The shark looks okay when he's launching himself out of the water, but seems to have some kind of skin disease and movement issue when submerged. Despite his enormous size he leaves no wake when near the surface, and generally breaks the laws of physics. But he takes a plane out of the sky and it's cool.
The main characters are as follows:
The feisty female lead who thinks she's a mermaid. Mermaids don't use subs, dumbass.
Her overly Irish Professor, who crashed a sub to avoid a pod of dolphins.
An overly Japanese scientist who talks nonsense and cried when he saw a dolphin caught in a net. Why are they all gay for dolphins? They deserve to get eaten by a shark or an octopus. But they don't.
The three scientist stereotypes have to work with 'the feds' at a place we are repeatedly told is called 'Treasure island'. The feds are concerned because it turns out that the monsters are actually very astute business creatures who have taken over the seas to control the movement of oil. A reference to Guantanamo bay and an Obama bumper sticker keep this movie refreshingly modern for fifteen minutes or so.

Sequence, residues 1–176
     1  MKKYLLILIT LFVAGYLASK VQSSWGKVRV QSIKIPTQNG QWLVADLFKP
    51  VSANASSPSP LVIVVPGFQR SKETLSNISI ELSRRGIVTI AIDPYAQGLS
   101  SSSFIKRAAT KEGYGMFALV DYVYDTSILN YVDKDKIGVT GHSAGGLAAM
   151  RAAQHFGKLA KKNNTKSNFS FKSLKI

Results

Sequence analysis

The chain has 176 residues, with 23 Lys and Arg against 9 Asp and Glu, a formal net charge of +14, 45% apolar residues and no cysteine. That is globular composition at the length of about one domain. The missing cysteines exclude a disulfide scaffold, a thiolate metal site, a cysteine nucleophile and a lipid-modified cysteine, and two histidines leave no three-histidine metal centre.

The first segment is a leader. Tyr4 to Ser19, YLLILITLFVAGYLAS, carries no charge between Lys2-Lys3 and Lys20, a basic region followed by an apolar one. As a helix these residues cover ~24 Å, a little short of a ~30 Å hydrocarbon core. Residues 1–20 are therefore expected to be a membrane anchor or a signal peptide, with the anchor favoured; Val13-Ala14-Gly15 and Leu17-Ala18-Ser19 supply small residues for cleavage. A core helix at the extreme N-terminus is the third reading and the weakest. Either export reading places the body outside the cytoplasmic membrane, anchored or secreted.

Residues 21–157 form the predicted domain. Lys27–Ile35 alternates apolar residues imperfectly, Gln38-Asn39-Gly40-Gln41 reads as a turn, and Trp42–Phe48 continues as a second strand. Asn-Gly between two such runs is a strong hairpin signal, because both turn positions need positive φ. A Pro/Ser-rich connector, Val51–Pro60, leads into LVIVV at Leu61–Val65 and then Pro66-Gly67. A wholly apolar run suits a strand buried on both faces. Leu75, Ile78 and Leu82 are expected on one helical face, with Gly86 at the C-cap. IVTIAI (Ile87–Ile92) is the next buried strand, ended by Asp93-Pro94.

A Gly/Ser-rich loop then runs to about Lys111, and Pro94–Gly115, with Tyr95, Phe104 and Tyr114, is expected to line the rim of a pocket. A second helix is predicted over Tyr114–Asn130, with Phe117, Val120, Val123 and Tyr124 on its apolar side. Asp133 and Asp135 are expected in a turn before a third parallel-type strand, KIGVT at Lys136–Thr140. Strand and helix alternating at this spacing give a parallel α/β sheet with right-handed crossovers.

Thanks to some kind of half hearted ethical / environmental message they decide to let the creatures fight each other, because they are the last of their kind so people shouldn't kill them but it's okay if they kill each other. Their original plan is to trap them, without any thought of what they would then do with them. Obviously that was doomed to fail, but the fight plan works out okay (apart from some submarines full of people dying). So the oil is safe and Japanaese people can go back to eating sushi. hooray. However, they do cunningly set it up for sequels. I guess they're hoping to replicate the success of the Shark Attack series. Fools! It can't be done.
And the song at the end isn't even sung by Debbie Gibson. It's probably sung by her hand double.
To summarise: All the best bits are in the trailer.